I actually have a radio show here locally. I’m in that studio as we speak. It’s called Thursday Morning House Call. It’s a little five-minute thing we do every week. It’s about topics – today was about chest pain – and that gives me a little bit of the background, fortunately, to be familiar with what equipment I need. I’ve got a great guy who helps me to produce it: Glen Edwards, a radio personality. He’s been just instrumental in teaching me how to sound good and taught me how to use the editing software. Anytime I’ve got questions, I can just bounce them off him. He’s been fantastic.
At the time of the recording, we’ve released three episodes and an intro. I plan on releasing our fourth episode very soon, kids willing and allowing me that time. We’ll see how it goes. But we’re very excited that at our most recent convention, the podcast was very well received. Everyone’s excited to hear a little bit more about it. We’re opening with a value-based care mini-series, and then we’re going to grow from there.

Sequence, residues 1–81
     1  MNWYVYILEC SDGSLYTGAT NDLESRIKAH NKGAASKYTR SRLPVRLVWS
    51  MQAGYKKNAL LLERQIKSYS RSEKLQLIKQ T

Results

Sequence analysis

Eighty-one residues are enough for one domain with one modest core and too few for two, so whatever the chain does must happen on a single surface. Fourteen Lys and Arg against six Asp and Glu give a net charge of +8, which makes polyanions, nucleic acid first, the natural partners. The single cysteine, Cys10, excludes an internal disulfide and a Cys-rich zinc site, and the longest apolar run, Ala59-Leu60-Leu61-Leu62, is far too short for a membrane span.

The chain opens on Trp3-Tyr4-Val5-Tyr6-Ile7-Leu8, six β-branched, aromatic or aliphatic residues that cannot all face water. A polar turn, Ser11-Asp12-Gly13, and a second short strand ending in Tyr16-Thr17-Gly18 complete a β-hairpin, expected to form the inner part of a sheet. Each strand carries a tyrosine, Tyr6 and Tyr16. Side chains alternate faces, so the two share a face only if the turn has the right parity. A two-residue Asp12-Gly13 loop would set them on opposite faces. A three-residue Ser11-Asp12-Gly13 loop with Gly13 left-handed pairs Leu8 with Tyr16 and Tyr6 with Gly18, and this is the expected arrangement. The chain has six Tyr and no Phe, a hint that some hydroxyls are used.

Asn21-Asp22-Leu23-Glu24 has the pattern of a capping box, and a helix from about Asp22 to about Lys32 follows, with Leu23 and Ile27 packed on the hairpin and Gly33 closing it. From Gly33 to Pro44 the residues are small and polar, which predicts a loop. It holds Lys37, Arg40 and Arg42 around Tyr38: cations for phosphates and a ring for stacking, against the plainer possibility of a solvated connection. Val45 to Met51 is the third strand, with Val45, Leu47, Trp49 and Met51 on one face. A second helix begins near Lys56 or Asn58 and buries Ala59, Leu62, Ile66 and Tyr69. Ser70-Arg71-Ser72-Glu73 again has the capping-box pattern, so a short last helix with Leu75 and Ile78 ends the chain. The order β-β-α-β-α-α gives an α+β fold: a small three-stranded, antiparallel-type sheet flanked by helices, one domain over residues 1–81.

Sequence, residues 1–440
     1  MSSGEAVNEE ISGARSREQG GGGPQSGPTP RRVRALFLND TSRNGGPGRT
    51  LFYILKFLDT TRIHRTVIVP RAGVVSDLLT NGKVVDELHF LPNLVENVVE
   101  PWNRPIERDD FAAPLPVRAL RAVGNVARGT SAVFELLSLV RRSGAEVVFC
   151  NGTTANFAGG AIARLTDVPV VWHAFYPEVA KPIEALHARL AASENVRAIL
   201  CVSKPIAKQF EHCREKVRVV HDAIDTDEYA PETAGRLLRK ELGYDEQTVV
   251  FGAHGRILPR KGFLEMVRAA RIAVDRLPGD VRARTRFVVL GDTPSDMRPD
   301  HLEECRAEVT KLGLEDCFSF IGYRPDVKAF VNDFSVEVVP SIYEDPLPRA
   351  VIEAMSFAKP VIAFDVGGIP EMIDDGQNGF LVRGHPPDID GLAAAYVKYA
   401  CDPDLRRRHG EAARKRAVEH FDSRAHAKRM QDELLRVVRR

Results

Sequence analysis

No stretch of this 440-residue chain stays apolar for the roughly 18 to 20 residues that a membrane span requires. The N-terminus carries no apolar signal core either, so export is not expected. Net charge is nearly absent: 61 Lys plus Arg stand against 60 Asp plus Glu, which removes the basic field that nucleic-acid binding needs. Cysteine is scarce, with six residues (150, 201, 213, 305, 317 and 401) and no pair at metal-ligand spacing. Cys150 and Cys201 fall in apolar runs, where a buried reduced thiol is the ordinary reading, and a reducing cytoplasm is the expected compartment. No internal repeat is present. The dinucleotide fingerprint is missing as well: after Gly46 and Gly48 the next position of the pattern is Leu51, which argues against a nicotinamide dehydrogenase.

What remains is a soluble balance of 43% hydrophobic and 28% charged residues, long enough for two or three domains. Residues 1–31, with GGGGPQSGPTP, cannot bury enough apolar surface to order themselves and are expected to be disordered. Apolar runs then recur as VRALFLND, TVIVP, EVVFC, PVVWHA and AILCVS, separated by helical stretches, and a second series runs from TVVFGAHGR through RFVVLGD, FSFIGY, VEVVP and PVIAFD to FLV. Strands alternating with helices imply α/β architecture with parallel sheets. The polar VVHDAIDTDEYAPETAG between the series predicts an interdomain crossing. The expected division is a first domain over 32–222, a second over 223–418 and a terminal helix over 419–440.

Art Cavazos: That’s fantastic. And I’m going to go out on a limb and say are you, like, a millennial?
Dr. Lane Aiena: Yes. Technically, yes. I think I’m right on the edge of it. I’m 35. So, born in 1987. I believe that gets me right in there.
Erin Camp: You’re smack in the middle of it, Lane.
Dr. Lane Aiena: Oh, am I? See, I don’t know anything about it. Not the startup versus non-startup. And I’m like, man, they’re speaking to me here. I get it. So, yes, I am a millennial.